Westwood Modular Cabin Factory Tour
We have the land. Now we have been trying to find a home we can afford to put on it. It seems like there are a lot of choices, but once you start looking seriously, you realize they aren’t actually realistic.
Most small houses you see are not actually modular homes. They are park model homes or mobile homes.
Park models are not considered houses. They are campers. They don’t meet residential building code. Our land is not zoned for a park model cabin.
Other small modular homes are actually mobile homes. An “on-frame modular home” is built on a metal frame. I found some that were really reasonably priced. Some of them are adorable. But they count as a single-wide trailer and we are not zoned for a trailer or mobile home.
We looked at modular homes. There are some very reasonably priced options, considering how much space you get. But we aren’t looking for that much space. None of the large modular home companies will build a small, single module modular home in our area. The initial price does not include the cost of transporting two or three sections to our land. The foundation costs more. They are assembled using a crane, which doesn’t come cheap. It adds up and adds up.
We found a few companies that make prefab cottages or cabins that are a single complete unit. We got pricing on a Deer Run. They make pre-fab log cabins and log cabin kits, but they can also make things that are less rustic. We’re not going to spend this much money without seeing them in real life first. They are five and a half hours away.
In the mean time, I found Westwood Cabins. They aren’t even 2 hours away, so we decided to drive down and see how they build their cabins.
We’d love to meet you and give you a factory tour of our production facility located in Due West, South Carolina. It’s where all the magic happens when we build your Westwood modular cabin!
This is what we saw.
This is the offices. The gentleman who showed us around was ready and waiting, even though we were early. (It was really easy to find and there was no traffic to slow us down.)
There are two huge warehouses. This is the one where the cabins are built.
A house is being built behind each of these doors.
The doors are high enough to move the cabin out when it’s finished.
This is a wall being framed. Once the wall is finished, they insulate it before the cabin is assembled.
The houses are built just like you would build on your own land, but inside a building instead of out in the weather.
They use the same materials. The cabin shells we looked at were built more like a shed. These are not at all built like a shed.
They are framing the interior walls. The power is run.
These cabins are built to the same residential building code as a house you might build on your own land.
The modular home plans are reviewed and approved by the state the house is going to, not the state where the house is being built.
At each stage of construction, the house is inspected. They can’t cover up the framing and electric until an inspector has signed off.
That’s one of the problems with the modular homes I see on Facebook Marketplace. They were built without being inspected. They often have issues that would have prevented the plans from being approved in the first place. Even if they build everything to code, once it’s all hidden behind walls, there is no way for an inspector to see it.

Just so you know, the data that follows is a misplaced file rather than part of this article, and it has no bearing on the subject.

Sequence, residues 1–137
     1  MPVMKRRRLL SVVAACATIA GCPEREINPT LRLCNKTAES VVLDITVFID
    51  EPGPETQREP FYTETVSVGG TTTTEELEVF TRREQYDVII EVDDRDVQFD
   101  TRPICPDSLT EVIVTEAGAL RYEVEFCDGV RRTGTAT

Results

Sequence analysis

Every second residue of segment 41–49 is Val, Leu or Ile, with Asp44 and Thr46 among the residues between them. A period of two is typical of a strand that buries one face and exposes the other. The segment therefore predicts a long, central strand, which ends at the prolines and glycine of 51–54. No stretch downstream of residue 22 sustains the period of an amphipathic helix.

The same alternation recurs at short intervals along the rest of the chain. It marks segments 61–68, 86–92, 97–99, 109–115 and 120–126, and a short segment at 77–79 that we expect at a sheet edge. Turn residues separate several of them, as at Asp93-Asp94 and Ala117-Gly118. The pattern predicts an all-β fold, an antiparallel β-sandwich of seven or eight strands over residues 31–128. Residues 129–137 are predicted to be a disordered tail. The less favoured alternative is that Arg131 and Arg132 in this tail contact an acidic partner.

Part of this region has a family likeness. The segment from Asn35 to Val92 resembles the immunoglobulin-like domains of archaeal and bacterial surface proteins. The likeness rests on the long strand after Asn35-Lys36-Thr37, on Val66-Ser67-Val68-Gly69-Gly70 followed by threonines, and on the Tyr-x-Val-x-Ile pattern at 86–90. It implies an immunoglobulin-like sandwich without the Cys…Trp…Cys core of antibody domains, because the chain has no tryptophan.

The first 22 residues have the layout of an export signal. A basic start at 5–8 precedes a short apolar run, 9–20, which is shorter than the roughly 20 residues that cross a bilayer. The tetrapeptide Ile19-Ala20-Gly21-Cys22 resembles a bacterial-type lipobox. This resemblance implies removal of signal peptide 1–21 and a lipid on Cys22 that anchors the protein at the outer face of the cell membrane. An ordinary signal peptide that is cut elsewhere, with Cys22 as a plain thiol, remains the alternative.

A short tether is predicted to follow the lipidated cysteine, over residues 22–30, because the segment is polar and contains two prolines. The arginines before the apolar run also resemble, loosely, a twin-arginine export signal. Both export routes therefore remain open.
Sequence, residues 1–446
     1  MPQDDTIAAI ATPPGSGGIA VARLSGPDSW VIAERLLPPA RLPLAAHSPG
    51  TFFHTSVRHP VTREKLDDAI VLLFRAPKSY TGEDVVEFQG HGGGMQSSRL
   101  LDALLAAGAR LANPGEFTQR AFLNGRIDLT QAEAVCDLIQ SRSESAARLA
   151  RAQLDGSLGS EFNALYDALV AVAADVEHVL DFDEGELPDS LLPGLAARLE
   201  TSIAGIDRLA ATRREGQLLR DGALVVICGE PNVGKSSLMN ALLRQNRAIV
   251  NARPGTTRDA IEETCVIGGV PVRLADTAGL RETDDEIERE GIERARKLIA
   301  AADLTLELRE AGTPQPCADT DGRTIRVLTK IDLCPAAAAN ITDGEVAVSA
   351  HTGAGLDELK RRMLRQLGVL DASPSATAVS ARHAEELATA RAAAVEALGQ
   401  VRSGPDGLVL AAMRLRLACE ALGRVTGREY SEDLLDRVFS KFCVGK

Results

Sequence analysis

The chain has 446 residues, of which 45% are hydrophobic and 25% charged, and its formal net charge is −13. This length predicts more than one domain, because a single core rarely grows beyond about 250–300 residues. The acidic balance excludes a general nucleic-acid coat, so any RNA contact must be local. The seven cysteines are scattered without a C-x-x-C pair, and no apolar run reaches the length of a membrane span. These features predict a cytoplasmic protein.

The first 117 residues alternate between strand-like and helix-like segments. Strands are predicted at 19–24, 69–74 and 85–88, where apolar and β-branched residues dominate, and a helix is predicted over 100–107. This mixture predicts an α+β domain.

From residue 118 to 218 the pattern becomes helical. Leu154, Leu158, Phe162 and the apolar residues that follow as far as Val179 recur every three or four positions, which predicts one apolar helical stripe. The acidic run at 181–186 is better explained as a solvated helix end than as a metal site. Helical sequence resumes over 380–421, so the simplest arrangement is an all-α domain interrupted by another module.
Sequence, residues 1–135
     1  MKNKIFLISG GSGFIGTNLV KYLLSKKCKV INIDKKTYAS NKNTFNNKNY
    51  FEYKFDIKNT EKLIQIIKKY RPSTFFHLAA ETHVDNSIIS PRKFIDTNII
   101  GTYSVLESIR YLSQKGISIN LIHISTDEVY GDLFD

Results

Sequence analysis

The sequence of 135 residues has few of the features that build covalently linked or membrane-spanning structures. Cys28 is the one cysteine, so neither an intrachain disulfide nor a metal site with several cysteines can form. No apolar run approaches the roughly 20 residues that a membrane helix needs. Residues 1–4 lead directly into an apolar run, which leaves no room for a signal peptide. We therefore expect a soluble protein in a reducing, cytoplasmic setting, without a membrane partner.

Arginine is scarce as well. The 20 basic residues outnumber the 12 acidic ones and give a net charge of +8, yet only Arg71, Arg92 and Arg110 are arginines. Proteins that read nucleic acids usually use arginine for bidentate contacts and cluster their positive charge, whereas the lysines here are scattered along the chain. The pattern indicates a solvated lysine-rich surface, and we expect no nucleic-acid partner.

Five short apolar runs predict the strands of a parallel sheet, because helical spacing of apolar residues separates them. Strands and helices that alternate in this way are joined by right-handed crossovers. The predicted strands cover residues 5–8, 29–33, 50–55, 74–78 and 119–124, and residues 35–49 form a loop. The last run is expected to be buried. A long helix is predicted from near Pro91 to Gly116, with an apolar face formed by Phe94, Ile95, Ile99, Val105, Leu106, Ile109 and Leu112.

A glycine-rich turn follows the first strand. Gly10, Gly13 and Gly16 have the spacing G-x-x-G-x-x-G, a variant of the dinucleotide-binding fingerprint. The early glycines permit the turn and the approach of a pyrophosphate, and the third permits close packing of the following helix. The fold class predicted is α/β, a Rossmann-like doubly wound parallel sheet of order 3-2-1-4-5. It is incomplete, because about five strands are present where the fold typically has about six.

The walls, ceiling and floor are insulated.
You can get single-hung or double-hung vinyl windows.
What is the difference between single-hung and double-hung windows? If the bottom pane goes up, but the top pane doesn’t move, that’s a single-hung window. Double-hung windows can open either direction. The bottom window pane can slide up or the top window can slide down. In some cases you can even tilt the window panes and open the whole window. To lock a double-hung window you have to squeeze the top pane up and the bottom pane down enough to get the lock to lock.
Power is run to meet the building code for the state where the cabin will be delivered, in our case, North Carolina.
The house comes with plenty of recessed LED lighting.
This was the first thing that REALLY impressed me. The exterior siding.
The siding is BEAUTIFULLY put together. Once it’s painted, you might never notice. But it is just beautifully finished.
The interior walls and ceiling are wood. I love the nice pitch of the roof. I love so many things about these cabins!
Next we walked over to look at some of the completed cabins that are waiting to be delivered.
It was good to be able to see so many different homes. Because each person designs what they want, they really help you to see what is possible.
This is one of the bedrooms. I love the shaker style doors. They are nice and solid. I like the double doors to the closet, too.
This is a bathroom in one of the smallest pre-fab cabins. It was hard to get a photo. The bathroom is small, but has room for a shower and a stacked washer and dryer.
The bathroom and kitchen cabinets are not particle board. They are real wood and put together beautifully. I know, I keep saying that, but really, I am so impressed by the craftsmanship.
If you’ve read this blog, you notice I’m not terribly critical. But, I’m usually not impressed. I am impressed.
This is the tankless water heater. In this model they put it in the back of the bedroom closet.
This is the inside part of the mini split. They also can put in a version that has an air handler with ducts and vents.
This is the outside part of the heat pump.
I took almost 200 photos, so there is more to come.